Children must learn to differentiate themselves from their parents and caretakers as they grow and develop. Most children do this by learning independent life skills as they get older and applying these as they progress through life. Children of overprotective parents don’t have the opportunity to learn these skills in the normal course of childhood because their parents are always protecting them from risks and doing things for them.

This can also result in changes to a child’s temperament and personality. For example, children of overprotective parents sometimes become irresponsible and reckless because they’ve been protected from the dangers and risks of daily life.

Impacts of overprotective parenting on physical health

Overprotective parents can also impact the physical health of their children. Children in authoritative households often have more positive attitudes toward good nutrition and healthy eating. However, it’s not conclusive whether this means they choose these values or feel pressured to adopt a healthy lifestyle by their parents.

They may also experience other physical symptoms caused by stress and anxiety. Chronic stress can lead to physical health issues such as high blood pressure, fatigue, chronic pain, heart disease, and obesity. All of these can significantly impact a person’s long-term physical health.

Is overprotective parenting effective?

Many overprotective parents think their parenting style is the best way to protect their children from the dangers of the real world. They also think they know what’s best for their child, which is why they exert so much control over their lives. But this style of parenting usually does more harm than good. It can often prompt children to rebel against their parents or cause resentment as they age.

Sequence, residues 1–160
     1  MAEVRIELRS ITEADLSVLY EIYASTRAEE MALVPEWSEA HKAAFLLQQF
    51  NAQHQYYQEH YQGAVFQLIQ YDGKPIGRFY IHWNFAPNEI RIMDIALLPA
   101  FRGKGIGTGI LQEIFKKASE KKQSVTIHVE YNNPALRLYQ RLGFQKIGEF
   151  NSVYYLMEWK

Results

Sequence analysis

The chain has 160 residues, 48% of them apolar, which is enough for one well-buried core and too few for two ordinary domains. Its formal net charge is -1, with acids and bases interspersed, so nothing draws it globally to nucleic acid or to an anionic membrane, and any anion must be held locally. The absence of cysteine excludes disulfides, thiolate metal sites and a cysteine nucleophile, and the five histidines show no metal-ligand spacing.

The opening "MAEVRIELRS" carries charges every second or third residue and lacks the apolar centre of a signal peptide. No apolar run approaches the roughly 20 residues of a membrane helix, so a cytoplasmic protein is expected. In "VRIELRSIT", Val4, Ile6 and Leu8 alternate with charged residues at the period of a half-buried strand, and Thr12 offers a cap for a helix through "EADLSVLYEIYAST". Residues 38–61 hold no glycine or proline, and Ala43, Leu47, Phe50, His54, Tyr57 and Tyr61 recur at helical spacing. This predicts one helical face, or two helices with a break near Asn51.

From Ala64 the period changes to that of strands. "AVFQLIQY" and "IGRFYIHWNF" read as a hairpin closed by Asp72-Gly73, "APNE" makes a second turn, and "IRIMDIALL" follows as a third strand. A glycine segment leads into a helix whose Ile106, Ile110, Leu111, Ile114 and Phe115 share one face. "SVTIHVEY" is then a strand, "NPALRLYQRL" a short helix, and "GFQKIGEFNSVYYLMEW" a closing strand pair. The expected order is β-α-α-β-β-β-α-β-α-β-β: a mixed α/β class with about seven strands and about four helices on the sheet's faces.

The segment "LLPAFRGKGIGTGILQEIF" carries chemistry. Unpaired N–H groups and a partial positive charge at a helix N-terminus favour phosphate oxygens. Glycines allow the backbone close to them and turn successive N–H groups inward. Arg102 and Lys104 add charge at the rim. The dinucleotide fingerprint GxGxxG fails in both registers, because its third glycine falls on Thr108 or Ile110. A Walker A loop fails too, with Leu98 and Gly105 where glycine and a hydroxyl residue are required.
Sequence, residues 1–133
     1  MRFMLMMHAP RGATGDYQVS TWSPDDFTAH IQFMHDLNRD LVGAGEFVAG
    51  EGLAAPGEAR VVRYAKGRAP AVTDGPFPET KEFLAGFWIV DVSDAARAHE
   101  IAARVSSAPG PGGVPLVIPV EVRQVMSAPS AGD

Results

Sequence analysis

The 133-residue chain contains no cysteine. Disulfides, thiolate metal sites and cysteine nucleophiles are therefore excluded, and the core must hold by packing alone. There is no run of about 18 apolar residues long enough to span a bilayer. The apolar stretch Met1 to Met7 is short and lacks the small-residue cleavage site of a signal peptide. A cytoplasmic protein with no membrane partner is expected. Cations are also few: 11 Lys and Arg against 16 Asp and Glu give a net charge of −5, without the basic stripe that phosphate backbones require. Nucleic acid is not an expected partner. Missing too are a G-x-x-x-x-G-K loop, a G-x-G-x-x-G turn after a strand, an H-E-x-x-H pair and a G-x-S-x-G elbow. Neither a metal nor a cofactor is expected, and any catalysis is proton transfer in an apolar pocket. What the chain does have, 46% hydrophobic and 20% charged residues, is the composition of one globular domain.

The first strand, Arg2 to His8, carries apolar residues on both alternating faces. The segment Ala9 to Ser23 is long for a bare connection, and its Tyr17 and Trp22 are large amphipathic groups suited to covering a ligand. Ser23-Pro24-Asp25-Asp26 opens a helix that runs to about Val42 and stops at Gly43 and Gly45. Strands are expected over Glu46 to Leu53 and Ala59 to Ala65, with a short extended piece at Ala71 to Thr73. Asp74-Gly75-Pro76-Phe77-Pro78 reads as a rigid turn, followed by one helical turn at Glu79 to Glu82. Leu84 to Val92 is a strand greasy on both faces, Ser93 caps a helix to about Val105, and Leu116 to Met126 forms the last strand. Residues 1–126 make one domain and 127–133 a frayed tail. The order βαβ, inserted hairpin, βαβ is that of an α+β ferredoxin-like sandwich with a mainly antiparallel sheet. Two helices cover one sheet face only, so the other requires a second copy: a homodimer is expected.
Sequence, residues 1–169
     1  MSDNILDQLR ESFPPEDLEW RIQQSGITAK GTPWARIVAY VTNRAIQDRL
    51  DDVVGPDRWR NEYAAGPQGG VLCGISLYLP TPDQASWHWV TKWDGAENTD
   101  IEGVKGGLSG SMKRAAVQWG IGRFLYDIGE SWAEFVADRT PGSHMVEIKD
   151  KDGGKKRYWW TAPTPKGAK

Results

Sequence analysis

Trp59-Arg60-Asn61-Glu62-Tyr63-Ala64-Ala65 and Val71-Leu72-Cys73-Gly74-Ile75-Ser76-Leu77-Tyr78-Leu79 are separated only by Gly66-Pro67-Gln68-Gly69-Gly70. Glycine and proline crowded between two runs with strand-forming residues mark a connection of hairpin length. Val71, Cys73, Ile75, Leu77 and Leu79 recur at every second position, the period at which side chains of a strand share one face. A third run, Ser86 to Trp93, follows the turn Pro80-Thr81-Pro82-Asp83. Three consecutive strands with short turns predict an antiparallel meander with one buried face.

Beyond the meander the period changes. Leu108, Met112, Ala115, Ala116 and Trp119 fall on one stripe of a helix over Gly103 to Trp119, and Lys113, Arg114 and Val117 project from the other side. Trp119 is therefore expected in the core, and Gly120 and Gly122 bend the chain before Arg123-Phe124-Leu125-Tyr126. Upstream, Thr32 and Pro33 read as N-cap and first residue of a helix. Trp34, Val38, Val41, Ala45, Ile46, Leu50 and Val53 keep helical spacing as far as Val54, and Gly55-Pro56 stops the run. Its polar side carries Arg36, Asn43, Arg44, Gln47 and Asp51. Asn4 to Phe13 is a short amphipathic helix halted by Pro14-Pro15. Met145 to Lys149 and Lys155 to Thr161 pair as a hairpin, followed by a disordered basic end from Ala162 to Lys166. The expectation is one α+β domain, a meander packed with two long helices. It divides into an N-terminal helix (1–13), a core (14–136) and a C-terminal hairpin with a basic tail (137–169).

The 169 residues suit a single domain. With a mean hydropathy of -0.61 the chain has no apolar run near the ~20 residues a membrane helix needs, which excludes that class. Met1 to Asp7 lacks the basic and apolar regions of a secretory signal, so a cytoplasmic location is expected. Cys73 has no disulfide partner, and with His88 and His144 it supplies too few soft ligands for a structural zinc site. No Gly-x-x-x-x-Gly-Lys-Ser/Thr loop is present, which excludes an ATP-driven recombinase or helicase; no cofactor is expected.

Many children who grow up with overprotective parents don’t develop the skills they need to succeed. They may not know how to carry out basic household chores or how to resolve conflicts and disputes in their professional and personal lives.

Some studies show that high parental involvement correlates with higher grades and better academic performance. This may be because overprotective parents are more likely to push their children to work harder and help them with their schoolwork, but it could come at the cost of mental health and well-being in later life.

Examples of overprotective parenting

Suppose you’re struggling to distinguish between regular parental protectiveness and overprotective parenting. Considering examples of overprotective behavior and how these might affect a child’s development can be useful. Some examples of overprotective parenting at all stages of a child’s life are listed below.

Preventing a child from taking part in regular social activities

Many overprotective parents prevent their children from participating in regular social activities like spending time with friends, attending parties, and joining clubs and groups. They may only allow their children to participate in activities and clubs that they consider most appropriate or beneficial, regardless of the child’s wishes. This prevents children from making new friends and finding hobbies that they enjoy. Children unable to explore their interests may rebel against their parents later or miss out on opportunities to make friends and become part of a community.

Hovering around small children during play